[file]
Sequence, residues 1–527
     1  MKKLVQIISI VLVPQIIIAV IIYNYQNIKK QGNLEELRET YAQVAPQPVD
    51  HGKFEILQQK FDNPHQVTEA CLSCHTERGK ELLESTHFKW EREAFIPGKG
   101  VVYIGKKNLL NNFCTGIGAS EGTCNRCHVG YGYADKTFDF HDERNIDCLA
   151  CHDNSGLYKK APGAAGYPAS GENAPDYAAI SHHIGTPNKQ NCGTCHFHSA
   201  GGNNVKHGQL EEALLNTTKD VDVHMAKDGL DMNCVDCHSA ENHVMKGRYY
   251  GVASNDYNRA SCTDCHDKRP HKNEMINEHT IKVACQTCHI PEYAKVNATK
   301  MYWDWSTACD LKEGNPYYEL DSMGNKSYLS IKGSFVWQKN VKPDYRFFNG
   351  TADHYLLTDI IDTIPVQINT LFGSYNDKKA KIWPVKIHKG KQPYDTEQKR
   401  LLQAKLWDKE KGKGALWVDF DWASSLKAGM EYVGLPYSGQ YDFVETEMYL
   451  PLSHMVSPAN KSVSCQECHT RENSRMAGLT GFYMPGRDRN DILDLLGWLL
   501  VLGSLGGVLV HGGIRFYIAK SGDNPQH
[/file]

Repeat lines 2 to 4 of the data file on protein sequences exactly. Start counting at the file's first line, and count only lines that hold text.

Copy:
     1  MKKLVQIISI VLVPQIIIAV IIYNYQNIKK QGNLEELRET YAQVAPQPVD
    51  HGKFEILQQK FDNPHQVTEA CLSCHTERGK ELLESTHFKW EREAFIPGKG
   101  VVYIGKKNLL NNFCTGIGAS EGTCNRCHVG YGYADKTFDF HDERNIDCLA